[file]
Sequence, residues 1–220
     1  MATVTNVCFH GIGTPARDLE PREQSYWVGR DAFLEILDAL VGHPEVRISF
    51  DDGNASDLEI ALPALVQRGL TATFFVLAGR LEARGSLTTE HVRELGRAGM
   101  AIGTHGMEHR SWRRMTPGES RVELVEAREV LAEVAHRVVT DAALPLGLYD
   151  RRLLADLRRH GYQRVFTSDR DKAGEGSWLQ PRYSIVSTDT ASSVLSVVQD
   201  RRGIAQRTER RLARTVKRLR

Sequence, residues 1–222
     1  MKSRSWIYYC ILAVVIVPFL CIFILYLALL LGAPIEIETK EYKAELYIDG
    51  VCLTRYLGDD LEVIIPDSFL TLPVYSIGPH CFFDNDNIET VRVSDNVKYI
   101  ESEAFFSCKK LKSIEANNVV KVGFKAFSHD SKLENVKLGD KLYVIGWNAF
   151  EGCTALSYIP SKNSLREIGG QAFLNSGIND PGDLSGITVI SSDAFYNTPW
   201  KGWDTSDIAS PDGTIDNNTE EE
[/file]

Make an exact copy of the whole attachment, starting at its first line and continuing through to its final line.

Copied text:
Sequence, residues 1–220
     1  MATVTNVCFH GIGTPARDLE PREQSYWVGR DAFLEILDAL VGHPEVRISF
    51  DDGNASDLEI ALPALVQRGL TATFFVLAGR LEARGSLTTE HVRELGRAGM
   101  AIGTHGMEHR SWRRMTPGES RVELVEAREV LAEVAHRVVT DAALPLGLYD
   151  RRLLADLRRH GYQRVFTSDR DKAGEGSWLQ PRYSIVSTDT ASSVLSVVQD
   201  RRGIAQRTER RLARTVKRLR

Sequence, residues 1–222
     1  MKSRSWIYYC ILAVVIVPFL CIFILYLALL LGAPIEIETK EYKAELYIDG
    51  VCLTRYLGDD LEVIIPDSFL TLPVYSIGPH CFFDNDNIET VRVSDNVKYI
   101  ESEAFFSCKK LKSIEANNVV KVGFKAFSHD SKLENVKLGD KLYVIGWNAF
   151  EGCTALSYIP SKNSLREIGG QAFLNSGIND PGDLSGITVI SSDAFYNTPW
   201  KGWDTSDIAS PDGTIDNNTE EE